I went to a MeetUp event at the Yorba Linda Public Library to create a small terrarium and, afterward, I liked the look so much that I wanted to make a larger version with a vase that I have. The library had us make terrariums in fancy water glasses and provided us with all the supplies and instructions. Here’s what I made at the library:
It’s very cute.
The supplies for this project at the very minimum are: a glass container, rocks, activated carbon/charcoal, dirt, and a succulent. Optional are sand, moss, and other decorations.
As I said, I had a vase that seemed perfect for this leftover from when I got live tulips at Costco. The base is wide so that it holds the tulip bulbs. I went to Walmart for the activated carbon and the rocks. The carbon is located in the aquarium supplies section. That’s because it’s water filter media. The addition of the carbon to the terrarium is supposed to keep the water clean. I don’t know if this is true or necessary, but it’s what they had us do at the library so I decided to go ahead and buy some. it was the most expensive part of this project. I think it was about seven dollars. The rocks I found in the aquarium section and the silk flowers section. I learned from my wine glass terrarium that you don’t end up seeing the rocks at the bottom, so I got black for that section. I got nicer looking rocks to decorate the top. I think both packages of rocks were around a dollar each. The succulent I got from the Fullerton Arboretum. It was big, healthy, and only $4.50. It did have ants in the dirt so that was annoying, but I treated the whole plant with a spray of water and diluted vinegar to get rid of any bugs. Here’s a photo of all the supplies:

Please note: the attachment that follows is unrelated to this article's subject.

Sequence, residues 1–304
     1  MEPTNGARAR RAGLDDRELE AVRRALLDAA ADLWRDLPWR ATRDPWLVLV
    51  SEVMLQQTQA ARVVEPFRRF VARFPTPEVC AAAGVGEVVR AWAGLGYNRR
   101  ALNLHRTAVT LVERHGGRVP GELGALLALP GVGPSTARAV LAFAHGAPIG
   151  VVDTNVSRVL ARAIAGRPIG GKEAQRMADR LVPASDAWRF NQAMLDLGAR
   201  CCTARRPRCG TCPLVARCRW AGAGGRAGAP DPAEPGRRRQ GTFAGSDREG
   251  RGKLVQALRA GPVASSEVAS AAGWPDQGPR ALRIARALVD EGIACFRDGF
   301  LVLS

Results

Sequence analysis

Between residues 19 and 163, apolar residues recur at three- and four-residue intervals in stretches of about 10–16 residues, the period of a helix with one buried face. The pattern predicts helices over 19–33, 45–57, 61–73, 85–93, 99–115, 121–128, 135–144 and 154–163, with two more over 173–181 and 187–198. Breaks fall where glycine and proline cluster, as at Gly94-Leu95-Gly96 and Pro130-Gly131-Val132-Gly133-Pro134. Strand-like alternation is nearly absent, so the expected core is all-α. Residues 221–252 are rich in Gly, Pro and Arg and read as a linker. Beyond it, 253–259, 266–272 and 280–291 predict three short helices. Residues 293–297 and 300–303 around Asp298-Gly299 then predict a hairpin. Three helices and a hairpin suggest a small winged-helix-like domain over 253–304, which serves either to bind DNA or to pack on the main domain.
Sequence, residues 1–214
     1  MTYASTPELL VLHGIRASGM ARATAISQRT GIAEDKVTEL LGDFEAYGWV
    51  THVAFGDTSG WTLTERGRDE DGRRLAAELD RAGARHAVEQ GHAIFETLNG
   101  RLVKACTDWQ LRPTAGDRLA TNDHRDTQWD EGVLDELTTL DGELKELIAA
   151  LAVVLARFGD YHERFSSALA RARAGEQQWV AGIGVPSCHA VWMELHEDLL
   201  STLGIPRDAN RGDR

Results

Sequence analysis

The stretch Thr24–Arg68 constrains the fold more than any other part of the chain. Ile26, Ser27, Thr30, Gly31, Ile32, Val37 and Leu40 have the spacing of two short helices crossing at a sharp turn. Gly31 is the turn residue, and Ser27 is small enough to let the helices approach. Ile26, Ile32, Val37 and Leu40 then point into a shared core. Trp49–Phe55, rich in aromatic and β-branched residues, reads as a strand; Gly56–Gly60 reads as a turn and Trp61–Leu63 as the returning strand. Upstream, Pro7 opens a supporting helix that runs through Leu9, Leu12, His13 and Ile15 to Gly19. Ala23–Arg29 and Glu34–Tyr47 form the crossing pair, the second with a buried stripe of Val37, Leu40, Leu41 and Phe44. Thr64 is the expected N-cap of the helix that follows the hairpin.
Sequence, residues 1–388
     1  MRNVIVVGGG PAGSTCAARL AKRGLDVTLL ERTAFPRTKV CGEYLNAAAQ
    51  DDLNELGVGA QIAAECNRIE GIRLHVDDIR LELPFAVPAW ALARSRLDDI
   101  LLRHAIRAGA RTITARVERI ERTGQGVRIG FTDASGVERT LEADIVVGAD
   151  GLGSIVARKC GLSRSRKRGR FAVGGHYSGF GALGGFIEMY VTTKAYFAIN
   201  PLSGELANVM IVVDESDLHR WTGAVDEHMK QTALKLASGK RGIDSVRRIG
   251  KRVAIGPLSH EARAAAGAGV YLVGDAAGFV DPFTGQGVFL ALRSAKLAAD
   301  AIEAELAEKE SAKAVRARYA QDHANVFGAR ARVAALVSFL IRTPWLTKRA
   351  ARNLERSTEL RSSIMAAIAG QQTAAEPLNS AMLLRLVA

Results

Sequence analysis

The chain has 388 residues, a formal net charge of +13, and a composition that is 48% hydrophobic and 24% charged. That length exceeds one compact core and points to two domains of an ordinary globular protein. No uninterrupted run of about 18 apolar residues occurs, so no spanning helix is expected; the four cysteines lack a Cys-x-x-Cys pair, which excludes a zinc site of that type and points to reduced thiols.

Step 1: Line the bottom of your glass container with sand (optional) and then rocks. The rocks provide drainage for your succulent so that it doesn’t get too wet. The sand, I was told, is just for decoration. I lined the bottom and the sides of my vase with black rocks which left more space in the center for the activated carbon.
Step 2: Add the activated carbon. I did about 1/4 cup for my vase.
Step 3: Add plant and dirt. I used some wood chopsticks to move my dirt around as I discovered putting my hand in the vase with the plant ripped off the beautiful leaves. Be more careful than me if you want a nice looking plant!! You can see all the leaves that tore off just from barely touching the plant in the photo below.
Step 4: Add decorations. I like the look of moss, but it was like four bucks so I just decided on these nice rocks. I poured them in and then used the chopsticks to spread them around the vase evenly without damaging more leaves.
Step 5: Just add enough water to wet the dirt. Remember that succulents do not require much watering. Place in a sunny location and enjoy!